Swan and duck deaths on River Great Ouse in St Neots remain unexplained

The deaths of 20 water birds on a mile-long stretch of river are being investigated by police and environmental groups.

Bodies of 13 swans and seven ducks were found on the River Great Ouse between Mill Lane, Little Paxton and St Neots Marina in just two weeks.

Police announced on Thursday they were investigating how the birds had died, but the Environment Agency (EA) and the Department for Environment, Food and Rural Affairs (DEFRA) have been unable to provide an explanation.

Tests by the EA have shown no signs of pollution in the water and post mortem examinations by DEFRA found no evidence of disease.

Samantha Brown, 25, of Church Street, St Neots, was walking along Brook Street, near the marina, last month and saw four dead ducks.

She said: “I reported it to the RSPCA as I thought it was an environmental health issue and there was rubbish in the brook as well. I’d never seen a dead duck before and we walk along there all the time.”

Christine Green, 53, of Brook Street, had also noticed the dead birds. “There was a woman from the Environment Agency here about a month ago,” she said.

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“Somebody had left a huge amount of building rubbish and when she was here she noticed two or three dead ducks and said there were some dead swans further up the river as well.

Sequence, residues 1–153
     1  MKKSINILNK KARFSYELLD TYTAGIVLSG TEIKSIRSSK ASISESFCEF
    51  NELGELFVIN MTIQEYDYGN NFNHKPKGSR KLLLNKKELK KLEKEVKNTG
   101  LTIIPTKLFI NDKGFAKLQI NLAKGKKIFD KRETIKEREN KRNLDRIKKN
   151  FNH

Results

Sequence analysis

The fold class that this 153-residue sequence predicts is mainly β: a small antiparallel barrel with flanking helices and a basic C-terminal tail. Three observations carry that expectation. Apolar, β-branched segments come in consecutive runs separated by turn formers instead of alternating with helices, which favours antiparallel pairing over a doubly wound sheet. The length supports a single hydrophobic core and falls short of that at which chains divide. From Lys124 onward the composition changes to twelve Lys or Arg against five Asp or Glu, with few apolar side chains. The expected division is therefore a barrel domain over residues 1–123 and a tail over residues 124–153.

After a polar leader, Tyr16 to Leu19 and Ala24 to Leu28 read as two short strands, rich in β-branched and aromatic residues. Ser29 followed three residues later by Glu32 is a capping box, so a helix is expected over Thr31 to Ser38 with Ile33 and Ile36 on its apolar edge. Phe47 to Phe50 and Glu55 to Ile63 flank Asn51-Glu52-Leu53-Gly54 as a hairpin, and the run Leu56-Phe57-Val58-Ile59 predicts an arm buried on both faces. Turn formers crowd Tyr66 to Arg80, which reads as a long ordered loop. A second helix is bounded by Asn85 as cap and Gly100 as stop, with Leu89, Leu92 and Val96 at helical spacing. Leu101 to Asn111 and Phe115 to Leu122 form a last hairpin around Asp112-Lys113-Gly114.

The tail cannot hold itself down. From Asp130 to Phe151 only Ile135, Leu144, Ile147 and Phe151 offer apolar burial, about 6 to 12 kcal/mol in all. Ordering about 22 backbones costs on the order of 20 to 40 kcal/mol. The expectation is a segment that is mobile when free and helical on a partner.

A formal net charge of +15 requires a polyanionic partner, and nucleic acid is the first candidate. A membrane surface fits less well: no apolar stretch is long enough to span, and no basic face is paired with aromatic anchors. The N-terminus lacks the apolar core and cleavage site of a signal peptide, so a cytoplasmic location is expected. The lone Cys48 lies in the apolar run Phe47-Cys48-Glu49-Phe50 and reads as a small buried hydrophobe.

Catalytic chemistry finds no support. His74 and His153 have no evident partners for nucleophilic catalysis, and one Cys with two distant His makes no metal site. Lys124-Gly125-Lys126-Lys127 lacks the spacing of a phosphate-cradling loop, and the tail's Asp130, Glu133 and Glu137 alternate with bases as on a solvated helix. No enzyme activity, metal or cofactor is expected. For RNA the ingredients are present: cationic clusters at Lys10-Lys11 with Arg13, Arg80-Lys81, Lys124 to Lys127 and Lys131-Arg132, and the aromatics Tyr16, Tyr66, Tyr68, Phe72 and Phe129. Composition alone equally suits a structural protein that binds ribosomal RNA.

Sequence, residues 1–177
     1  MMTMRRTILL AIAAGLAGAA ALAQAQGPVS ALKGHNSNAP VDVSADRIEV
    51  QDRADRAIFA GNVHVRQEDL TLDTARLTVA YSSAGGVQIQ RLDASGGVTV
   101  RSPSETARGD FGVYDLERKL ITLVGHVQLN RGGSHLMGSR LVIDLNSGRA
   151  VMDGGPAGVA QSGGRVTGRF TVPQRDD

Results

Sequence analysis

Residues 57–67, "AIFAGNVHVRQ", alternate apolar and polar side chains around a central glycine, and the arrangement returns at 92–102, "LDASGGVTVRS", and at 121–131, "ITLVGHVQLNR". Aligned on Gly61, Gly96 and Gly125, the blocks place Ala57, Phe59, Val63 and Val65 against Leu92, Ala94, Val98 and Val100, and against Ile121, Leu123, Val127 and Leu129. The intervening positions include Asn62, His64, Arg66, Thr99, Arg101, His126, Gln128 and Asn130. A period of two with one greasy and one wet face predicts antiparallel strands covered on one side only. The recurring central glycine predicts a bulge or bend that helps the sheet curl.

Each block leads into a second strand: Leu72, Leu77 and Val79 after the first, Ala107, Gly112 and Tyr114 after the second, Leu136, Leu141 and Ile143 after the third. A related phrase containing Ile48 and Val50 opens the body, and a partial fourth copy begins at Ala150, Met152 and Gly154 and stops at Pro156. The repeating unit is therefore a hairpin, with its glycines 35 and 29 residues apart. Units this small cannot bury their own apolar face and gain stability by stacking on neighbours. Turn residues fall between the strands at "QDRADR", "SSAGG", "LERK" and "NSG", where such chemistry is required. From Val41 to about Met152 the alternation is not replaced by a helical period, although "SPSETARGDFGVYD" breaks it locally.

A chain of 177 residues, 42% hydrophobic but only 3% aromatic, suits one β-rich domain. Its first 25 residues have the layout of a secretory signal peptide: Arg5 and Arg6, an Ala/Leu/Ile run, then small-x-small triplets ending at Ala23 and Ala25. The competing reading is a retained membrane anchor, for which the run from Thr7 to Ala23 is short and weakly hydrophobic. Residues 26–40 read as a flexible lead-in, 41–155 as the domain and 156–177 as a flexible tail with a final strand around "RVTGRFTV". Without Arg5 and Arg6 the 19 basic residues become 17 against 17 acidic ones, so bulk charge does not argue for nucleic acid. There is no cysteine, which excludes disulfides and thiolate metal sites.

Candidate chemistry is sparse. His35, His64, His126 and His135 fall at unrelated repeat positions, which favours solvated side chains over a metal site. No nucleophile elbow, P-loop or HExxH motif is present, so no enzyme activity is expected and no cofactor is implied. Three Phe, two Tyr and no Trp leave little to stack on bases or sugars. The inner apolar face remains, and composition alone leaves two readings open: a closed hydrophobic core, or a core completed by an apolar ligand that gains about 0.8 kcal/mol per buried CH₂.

“She wondered if anglers had been trying to get rid of them.”

An EA spokesman said tests on the water had revealed pollution had not caused the deaths. He added: “If there was a problem with the watercourse we would expect fish to have died. There have been no reports of dead or distressed fish.”

Post mortem examinations by the Animal Health and Veterinary Laboratories Agency also proved inconclusive.

A spokesman said: “We’re doing some more tests but ideally we need birds that have recently been found. If anyone does come across birds in that area that have died or seem unwell they should call the DEFRA helpline on 08459 335577.”

The case has been passed to Natural England and the Wildlife Incident Investigation Scheme to find out whether the birds were poisoned.

Pc Alun Bradshaw said: “It is very unusual for such a large amount of birds to die in such a short space of time and we are keen to find out what caused the deaths.”

Anyone with information should call police on 101.